Rorisang Kgosana
Premium Journalist
2 minute read
20 Jan 2017
6:30 am

Anti-revenge porn law added to Cybercrimes Bill

Rorisang Kgosana

New offences also mean child porn will be comprehensively criminalised.

Picture: Lowvelder.

Blackmailing an individual by disclosing intimate pornographic content in cyberspace could soon lead to a criminal charge as the final draft of the Cybercrimes and Cybersecurity Bill will be tabled in Parliament in the near future.

Yesterday, Deputy Minister of Justice and Constitutional Development John Jeffery said a new section was included in the final draft to criminalise the harmful disclosure of pornography, known as “revenge porn”.

The new section was based on the Criminal Law (Sexual Offences and Related Matters) Amendment Act of 2007.

“The proposed amendment aims to criminalise the disclosure of pornography, threats to disclose pornography and disclosure or threats to disclose pornography for the purposes of obtaining any advantage from a person.”

The Bill was available for public comment in 2015 and criticism was raised about child pornography being dealt with by a law that mainly relates to the classification of films and publications, which is the purpose of the Films and Publications Act.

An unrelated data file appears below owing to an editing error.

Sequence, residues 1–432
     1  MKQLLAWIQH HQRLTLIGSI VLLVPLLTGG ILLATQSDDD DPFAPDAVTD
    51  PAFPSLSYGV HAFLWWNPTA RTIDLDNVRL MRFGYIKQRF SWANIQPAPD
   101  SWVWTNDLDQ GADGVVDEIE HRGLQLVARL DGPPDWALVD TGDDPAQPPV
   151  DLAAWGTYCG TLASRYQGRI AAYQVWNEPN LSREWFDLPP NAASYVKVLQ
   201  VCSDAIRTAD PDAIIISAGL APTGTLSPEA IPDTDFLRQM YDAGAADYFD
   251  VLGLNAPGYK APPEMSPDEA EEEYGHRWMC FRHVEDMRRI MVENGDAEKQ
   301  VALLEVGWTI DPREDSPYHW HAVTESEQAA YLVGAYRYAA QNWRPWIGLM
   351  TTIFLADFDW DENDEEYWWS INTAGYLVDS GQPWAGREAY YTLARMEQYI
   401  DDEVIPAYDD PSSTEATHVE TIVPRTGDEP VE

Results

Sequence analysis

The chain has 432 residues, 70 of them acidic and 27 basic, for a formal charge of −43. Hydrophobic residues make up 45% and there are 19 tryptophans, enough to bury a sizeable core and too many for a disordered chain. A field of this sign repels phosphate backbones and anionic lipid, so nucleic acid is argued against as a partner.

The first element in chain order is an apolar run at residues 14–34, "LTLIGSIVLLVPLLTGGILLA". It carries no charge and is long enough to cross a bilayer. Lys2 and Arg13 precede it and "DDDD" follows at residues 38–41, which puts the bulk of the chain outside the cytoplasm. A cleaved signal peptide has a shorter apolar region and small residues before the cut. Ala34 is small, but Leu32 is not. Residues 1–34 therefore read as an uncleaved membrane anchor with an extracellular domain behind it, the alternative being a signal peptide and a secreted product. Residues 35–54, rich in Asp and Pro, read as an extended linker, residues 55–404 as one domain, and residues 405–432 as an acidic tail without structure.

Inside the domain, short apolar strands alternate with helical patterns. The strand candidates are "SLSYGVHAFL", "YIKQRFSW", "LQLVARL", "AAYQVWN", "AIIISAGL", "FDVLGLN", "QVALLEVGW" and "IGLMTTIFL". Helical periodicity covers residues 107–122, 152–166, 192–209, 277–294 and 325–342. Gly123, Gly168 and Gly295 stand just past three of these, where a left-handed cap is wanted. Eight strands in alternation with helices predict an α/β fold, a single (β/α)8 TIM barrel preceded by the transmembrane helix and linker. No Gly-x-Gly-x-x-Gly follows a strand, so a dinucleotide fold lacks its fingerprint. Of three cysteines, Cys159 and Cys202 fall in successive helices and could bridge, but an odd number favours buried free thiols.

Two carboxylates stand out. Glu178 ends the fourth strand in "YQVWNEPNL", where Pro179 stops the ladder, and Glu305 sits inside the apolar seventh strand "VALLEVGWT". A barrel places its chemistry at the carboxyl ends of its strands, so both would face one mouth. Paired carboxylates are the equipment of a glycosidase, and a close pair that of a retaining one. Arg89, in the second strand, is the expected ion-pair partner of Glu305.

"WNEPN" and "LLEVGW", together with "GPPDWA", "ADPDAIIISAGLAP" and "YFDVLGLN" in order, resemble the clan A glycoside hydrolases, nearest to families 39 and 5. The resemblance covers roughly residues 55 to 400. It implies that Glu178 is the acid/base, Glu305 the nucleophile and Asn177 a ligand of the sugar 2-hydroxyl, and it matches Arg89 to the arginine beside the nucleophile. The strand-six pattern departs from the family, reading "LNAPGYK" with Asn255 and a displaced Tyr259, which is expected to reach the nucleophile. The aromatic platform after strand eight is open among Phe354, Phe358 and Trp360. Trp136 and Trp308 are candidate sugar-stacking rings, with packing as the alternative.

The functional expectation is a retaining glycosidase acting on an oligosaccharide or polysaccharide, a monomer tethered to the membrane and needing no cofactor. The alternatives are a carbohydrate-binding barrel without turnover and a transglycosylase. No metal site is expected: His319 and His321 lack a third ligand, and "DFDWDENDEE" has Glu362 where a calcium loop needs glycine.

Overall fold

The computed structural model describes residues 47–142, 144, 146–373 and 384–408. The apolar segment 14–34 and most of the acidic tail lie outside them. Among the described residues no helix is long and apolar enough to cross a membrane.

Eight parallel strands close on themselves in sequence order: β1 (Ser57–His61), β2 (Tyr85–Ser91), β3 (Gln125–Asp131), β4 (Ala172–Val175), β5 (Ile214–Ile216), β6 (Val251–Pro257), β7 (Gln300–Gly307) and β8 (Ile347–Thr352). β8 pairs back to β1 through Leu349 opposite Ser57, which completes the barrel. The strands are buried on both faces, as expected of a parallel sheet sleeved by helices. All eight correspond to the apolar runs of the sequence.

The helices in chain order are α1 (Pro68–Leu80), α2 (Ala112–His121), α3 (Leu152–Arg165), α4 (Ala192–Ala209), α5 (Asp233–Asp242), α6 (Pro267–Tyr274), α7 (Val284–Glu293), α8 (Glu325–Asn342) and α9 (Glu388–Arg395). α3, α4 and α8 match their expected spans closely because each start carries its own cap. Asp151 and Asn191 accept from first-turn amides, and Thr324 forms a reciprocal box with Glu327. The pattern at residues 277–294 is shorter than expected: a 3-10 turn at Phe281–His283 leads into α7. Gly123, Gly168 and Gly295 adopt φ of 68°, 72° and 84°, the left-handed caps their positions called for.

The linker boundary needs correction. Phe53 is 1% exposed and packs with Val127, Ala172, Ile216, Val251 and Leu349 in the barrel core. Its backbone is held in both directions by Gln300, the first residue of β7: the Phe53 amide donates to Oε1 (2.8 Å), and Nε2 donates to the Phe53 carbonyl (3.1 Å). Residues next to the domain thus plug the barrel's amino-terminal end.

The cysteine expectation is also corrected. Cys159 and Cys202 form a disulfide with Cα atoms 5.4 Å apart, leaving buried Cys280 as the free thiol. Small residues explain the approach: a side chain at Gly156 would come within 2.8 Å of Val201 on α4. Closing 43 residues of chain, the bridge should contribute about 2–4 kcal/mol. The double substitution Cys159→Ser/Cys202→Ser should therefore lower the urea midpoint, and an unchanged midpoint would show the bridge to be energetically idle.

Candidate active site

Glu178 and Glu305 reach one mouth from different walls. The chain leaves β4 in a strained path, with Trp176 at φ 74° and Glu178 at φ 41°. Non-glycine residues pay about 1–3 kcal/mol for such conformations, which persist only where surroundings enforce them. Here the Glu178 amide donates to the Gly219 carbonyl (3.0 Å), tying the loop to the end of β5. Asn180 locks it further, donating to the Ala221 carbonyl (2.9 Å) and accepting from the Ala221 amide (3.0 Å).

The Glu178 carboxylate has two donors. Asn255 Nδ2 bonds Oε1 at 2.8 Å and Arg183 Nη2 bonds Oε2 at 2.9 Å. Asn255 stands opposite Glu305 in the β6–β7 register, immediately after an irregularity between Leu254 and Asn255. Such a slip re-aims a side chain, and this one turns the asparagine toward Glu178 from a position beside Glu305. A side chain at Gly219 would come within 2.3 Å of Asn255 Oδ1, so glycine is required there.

Jeffery said the new Bill proposes amendments to the Sexual Offences Act to comprehensively deal with child pornography in accordance with the proposals of the Lanzarote Convention on the Protection of Children against Sexual Exploitation and Sexual Abuse, and the Budapest Convention on Cybercrime.

“The new offences will mean child pornography is now comprehensively criminalised in legislation and, thereby, addresses the current fragmentary approach.”

He emphasised the Bill would not be used to increase the state’s surveillance powers, as, according to clause 27 of the Bill and section 21 of the Criminal Procedure Act, data related to cybercrimes is seized in terms of a warrant.

“The seizure of data in terms of a search warrant thus cannot be regarded as a form of surveillance, which, by implication, implies the secretive monitoring of the communications of a person.”

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Serious cyber offences have been committed since the passing of the Regulation of Interception of Communications Act (Rica) as it primarily deals with interception of fixed line and mobile communications rather than investigating cybercrimes.

“Amendments, which the Bill aims to effect to the Rica, fall within the general principles put in place to protect persons against unlawful interception of communications and are specifically to address the increase of cybercrimes.

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